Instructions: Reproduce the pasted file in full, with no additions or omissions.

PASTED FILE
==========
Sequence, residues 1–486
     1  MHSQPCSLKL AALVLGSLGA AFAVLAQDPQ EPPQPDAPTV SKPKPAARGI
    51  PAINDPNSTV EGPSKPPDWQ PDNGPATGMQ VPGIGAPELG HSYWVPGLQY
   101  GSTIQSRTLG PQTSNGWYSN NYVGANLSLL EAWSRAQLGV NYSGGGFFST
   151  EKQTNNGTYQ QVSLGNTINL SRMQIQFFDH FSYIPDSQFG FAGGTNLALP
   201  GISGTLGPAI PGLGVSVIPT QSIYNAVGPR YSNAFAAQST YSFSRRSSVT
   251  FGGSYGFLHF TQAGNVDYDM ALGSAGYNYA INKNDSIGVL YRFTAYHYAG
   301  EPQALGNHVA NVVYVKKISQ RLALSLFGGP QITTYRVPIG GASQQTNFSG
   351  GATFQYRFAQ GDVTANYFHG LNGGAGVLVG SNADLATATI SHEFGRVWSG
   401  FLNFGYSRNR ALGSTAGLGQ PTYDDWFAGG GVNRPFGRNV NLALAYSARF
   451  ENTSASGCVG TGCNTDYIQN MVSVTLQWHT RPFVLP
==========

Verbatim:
Sequence, residues 1–486
     1  MHSQPCSLKL AALVLGSLGA AFAVLAQDPQ EPPQPDAPTV SKPKPAARGI
    51  PAINDPNSTV EGPSKPPDWQ PDNGPATGMQ VPGIGAPELG HSYWVPGLQY
   101  GSTIQSRTLG PQTSNGWYSN NYVGANLSLL EAWSRAQLGV NYSGGGFFST
   151  EKQTNNGTYQ QVSLGNTINL SRMQIQFFDH FSYIPDSQFG FAGGTNLALP
   201  GISGTLGPAI PGLGVSVIPT QSIYNAVGPR YSNAFAAQST YSFSRRSSVT
   251  FGGSYGFLHF TQAGNVDYDM ALGSAGYNYA INKNDSIGVL YRFTAYHYAG
   301  EPQALGNHVA NVVYVKKISQ RLALSLFGGP QITTYRVPIG GASQQTNFSG
   351  GATFQYRFAQ GDVTANYFHG LNGGAGVLVG SNADLATATI SHEFGRVWSG
   401  FLNFGYSRNR ALGSTAGLGQ PTYDDWFAGG GVNRPFGRNV NLALAYSARF
   451  ENTSASGCVG TGCNTDYIQN MVSVTLQWHT RPFVLP